from the greenfluorescentblog by Gal Haimovich –
Exosomes are extracellular vesicles that are thought to mediate cell-to-cell communication in eukaryotes. Briefly, exosomes are 50-100 nanometer (nm) sized vesicles produced by the endosomal system. They are exported out of the cell and can be found in every bodily fluid: plasma, saliva, milk, urine and more. These vesicles then enter recipient cells, and the cargo they carry (proteins, RNA molecules and lipids) modulate the physiology and/or gene expression of the recipient cell. Exosomes catch a lot of attention lately because of their clinical significance. First, exosomes might be used as biomarkers for some diseases (most importantly tumors). Second, they are being considered for therapeutics as a delivery system.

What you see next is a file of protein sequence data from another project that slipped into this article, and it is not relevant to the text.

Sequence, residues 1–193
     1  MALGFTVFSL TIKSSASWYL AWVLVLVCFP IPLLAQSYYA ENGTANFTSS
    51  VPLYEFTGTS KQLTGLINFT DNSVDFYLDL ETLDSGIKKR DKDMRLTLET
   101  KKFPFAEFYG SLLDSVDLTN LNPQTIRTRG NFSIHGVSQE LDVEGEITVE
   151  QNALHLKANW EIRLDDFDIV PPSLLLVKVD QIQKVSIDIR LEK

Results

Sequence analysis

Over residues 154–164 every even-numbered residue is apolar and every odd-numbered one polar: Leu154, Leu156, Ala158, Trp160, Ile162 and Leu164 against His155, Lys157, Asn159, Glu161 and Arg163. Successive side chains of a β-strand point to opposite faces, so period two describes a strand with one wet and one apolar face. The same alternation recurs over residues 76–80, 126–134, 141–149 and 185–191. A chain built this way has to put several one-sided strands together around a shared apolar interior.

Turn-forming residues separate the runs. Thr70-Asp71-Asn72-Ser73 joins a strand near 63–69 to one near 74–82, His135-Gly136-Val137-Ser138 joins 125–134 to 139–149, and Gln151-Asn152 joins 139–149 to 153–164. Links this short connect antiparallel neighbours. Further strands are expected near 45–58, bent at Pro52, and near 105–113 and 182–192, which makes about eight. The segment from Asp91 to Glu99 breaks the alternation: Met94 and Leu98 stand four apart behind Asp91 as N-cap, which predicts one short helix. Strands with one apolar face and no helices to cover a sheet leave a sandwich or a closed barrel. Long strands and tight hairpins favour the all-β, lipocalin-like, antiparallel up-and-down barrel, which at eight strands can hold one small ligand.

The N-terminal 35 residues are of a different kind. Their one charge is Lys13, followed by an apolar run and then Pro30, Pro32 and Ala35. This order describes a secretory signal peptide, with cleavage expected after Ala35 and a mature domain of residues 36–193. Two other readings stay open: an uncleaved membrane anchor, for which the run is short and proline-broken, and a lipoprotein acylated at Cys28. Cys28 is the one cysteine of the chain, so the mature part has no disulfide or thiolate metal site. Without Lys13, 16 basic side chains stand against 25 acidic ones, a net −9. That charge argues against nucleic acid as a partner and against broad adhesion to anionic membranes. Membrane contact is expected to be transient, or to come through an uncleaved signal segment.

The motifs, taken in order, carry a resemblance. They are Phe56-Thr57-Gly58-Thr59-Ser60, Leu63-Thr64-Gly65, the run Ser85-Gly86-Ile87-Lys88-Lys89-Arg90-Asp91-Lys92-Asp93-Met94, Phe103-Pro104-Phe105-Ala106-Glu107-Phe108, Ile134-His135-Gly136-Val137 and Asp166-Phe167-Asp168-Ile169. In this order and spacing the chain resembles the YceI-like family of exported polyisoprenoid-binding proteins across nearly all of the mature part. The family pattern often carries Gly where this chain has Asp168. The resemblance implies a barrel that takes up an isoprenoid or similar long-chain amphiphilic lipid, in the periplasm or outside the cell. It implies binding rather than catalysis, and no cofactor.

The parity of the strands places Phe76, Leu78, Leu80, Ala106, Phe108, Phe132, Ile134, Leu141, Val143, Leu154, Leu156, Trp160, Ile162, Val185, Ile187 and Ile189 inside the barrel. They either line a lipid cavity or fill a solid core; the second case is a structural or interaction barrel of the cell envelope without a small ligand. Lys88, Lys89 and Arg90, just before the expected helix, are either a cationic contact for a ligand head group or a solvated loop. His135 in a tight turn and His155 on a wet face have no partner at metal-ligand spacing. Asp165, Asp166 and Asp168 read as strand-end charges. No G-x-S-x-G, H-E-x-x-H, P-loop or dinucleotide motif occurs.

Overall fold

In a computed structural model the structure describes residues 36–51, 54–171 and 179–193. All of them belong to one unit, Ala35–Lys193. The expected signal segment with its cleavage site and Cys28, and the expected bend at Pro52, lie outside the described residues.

Although the formation and secretion of exosomes is fairly understood (though we are just beginning to understand how some cargo is being packed), it is less clear how exosomes enter recipient cells. Even less clear is what happens to them once they enter the cell.
I myself have been concerned with the math of exosome-mediated communication. In most papers, exosomes are isolated from the donor cells (e.g. from culture media), then concentrated before applying them on top of recipient cells in vitro. However, it is not always mentioned what is the ratio of exosomes/cells and it is also unclear how many exosomes actually enter the cells. Furthermore, it is still unclear how much cargo is carried by a single exosome. (read more…)
Source – greenfluorescentblog